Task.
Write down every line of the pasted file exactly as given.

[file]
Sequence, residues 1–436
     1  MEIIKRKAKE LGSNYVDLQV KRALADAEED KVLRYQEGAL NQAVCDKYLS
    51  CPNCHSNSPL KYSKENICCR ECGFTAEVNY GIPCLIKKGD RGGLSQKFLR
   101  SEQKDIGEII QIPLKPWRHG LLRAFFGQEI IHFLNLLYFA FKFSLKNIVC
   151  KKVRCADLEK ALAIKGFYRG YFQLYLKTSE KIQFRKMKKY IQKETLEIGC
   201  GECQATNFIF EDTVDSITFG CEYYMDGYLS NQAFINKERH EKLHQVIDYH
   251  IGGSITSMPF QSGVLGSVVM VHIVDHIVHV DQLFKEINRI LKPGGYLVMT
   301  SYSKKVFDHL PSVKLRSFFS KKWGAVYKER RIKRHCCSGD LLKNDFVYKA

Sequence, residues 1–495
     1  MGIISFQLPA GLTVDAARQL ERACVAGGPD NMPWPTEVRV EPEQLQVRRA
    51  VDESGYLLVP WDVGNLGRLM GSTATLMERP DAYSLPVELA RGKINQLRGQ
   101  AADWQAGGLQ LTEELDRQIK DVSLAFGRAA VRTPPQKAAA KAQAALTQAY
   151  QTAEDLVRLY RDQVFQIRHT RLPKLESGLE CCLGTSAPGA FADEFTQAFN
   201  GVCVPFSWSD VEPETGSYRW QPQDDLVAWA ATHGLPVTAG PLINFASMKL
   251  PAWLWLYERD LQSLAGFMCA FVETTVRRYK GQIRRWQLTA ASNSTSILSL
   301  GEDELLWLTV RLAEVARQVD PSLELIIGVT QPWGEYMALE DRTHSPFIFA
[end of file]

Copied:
Sequence, residues 1–436
     1  MEIIKRKAKE LGSNYVDLQV KRALADAEED KVLRYQEGAL NQAVCDKYLS
    51  CPNCHSNSPL KYSKENICCR ECGFTAEVNY GIPCLIKKGD RGGLSQKFLR
   101  SEQKDIGEII QIPLKPWRHG LLRAFFGQEI IHFLNLLYFA FKFSLKNIVC
   151  KKVRCADLEK ALAIKGFYRG YFQLYLKTSE KIQFRKMKKY IQKETLEIGC
   201  GECQATNFIF EDTVDSITFG CEYYMDGYLS NQAFINKERH EKLHQVIDYH
   251  IGGSITSMPF QSGVLGSVVM VHIVDHIVHV DQLFKEINRI LKPGGYLVMT
   301  SYSKKVFDHL PSVKLRSFFS KKWGAVYKER RIKRHCCSGD LLKNDFVYKA

Sequence, residues 1–495
     1  MGIISFQLPA GLTVDAARQL ERACVAGGPD NMPWPTEVRV EPEQLQVRRA
    51  VDESGYLLVP WDVGNLGRLM GSTATLMERP DAYSLPVELA RGKINQLRGQ
   101  AADWQAGGLQ LTEELDRQIK DVSLAFGRAA VRTPPQKAAA KAQAALTQAY
   151  QTAEDLVRLY RDQVFQIRHT RLPKLESGLE CCLGTSAPGA FADEFTQAFN
   201  GVCVPFSWSD VEPETGSYRW QPQDDLVAWA ATHGLPVTAG PLINFASMKL
   251  PAWLWLYERD LQSLAGFMCA FVETTVRRYK GQIRRWQLTA ASNSTSILSL
   301  GEDELLWLTV RLAEVARQVD PSLELIIGVT QPWGEYMALE DRTHSPFIFA